The Oklahoman published a snarky editorial (“All states should be ‘struggling’ like Texas,” Jan. 21, 2011) Friday attacking a recent New York Times column by Paul Krugman that calls attention to the massive $25 billion budget deficit in Texas.
Krugman’s basic point is that the Texas economy and its government budget management have been held up as a model of conservative ideology. Now that the state’s economy has declined and the state faces such a huge deficit, Krugman argues, it’s time to rethink the so-called “Texas miracle.”
According to Krugman:
Texas is where the modern conservative theory of budgeting – the belief that you should never raise taxes under any circumstances, that you can always balance the budget by cutting wasteful spending – has been implemented most completely. If the theory can’t make it there, it can’t make it anywhere.
And, as Krugman goes on to show in his column, the “conservative theory of budgeting” is not working.
In response to Krugman, The Oklahoman editorial page-Oklahoma has a clear connection to the “conservative theory of budgeting,” especially since the government is now controlled completely by Republicans-uses a typical mixture of ad hominem attacks and logical fallacies.
Here’s the attack on Krugman:
Krugman’s conclusion is that what happens first in California is no longer portentous. Instead, it’s what’s happening today in Texas. “And what we’re seeing right now is a future that doesn’t work.”
Is it any wonder syndicated columnist Charles Krauthammer recently questioned Krugman’s sanity?
This is standard procedure for The Oklahoman and most right-wing media outlets. Rather than engage Krugman’s argument, the editorial attacks him personally. In this case, the editorial backhandedly questions the sanity of a Nobel Prize winning academic based on the word of a conservative columnist well known as a writer who often engages in right-wing hyperbole. So who’s crazy here?
The editorial then points out the recent population growth in Texas as something Krugman discounts, but that’s a red herring fallacy. It also focuses on Krugman’s argument about oil prices and the Texas economy, another red herring. Again, Krugman’s point is that Texas was once a model for the conservative movement in terms of how it managed its budget and the fact it did so with no income tax. Now the truth has come home. Krugman argues Texas used “smoke and mirrors to create the illusion of sound finances in the face of a serious ‘structural’ budget deficit . . .”.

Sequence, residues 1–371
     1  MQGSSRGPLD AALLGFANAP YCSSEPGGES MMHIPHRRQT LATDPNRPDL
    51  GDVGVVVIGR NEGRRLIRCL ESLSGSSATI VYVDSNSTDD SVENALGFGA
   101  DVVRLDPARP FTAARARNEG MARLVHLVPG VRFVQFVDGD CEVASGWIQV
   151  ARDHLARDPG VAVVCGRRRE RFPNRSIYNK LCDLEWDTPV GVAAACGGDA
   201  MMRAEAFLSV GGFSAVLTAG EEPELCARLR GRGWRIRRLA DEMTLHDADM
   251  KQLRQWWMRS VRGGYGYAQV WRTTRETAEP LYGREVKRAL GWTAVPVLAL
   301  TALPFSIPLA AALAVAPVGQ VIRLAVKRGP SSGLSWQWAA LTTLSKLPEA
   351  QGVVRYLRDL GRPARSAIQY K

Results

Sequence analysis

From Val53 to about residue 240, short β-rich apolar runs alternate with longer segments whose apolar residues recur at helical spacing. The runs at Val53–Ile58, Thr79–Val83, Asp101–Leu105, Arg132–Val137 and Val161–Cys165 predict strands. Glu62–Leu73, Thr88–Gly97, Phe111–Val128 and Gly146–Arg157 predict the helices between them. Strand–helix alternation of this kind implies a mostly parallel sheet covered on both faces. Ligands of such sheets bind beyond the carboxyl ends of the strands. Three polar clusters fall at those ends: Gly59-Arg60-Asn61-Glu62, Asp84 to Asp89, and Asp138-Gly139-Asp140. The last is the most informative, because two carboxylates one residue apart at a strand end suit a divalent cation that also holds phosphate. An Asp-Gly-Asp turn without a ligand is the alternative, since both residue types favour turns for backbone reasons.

Among the states, Texas ranks near the bottom in education spending per pupil, while leading the nation in the percentage of residents without health insurance. It’s hard to imagine what will happen if the state tries to eliminate its huge deficit purely through further cuts.
All this is extremely important for Oklahoma, which faces its own budget crisis this year. Gov. Mary Fallin, the Republican-dominated legislature and The Oklahoman are using the same type of conservative rhetoric about next year’s budget, which faces a $400 to $600 million shortfall, that has been employed by Texas Governor Rick Perry and other Republicans in his state. Like Texas, Oklahoma is unlikely to raise taxes to prevent further cuts in services and education. If fact, Oklahoma’s income tax is expected to get reduced even more this year, which will force even more cuts.
The Oklahoman, the most conservative metropolitan newspaper in the country, is as vested in “Texas miracle” folklore as you can get, but if Texas can’t pull it together under conservative budget beliefs, as Krugman asks, then what state can? Certainly, not Oklahoma, which lacks the massive resources and population of Texas. Personal attacks and fallacies won’t change that fact.
Then there’s this from The Austin Statesman:
The Texas Conservative Coalition Research Institute estimated that the state could save $1.7 billion by skimming 10 percent from all state workers’ pay and requiring workers to take two days of unpaid leave per month.
Are similar conservative proposals for Oklahoma coming soon?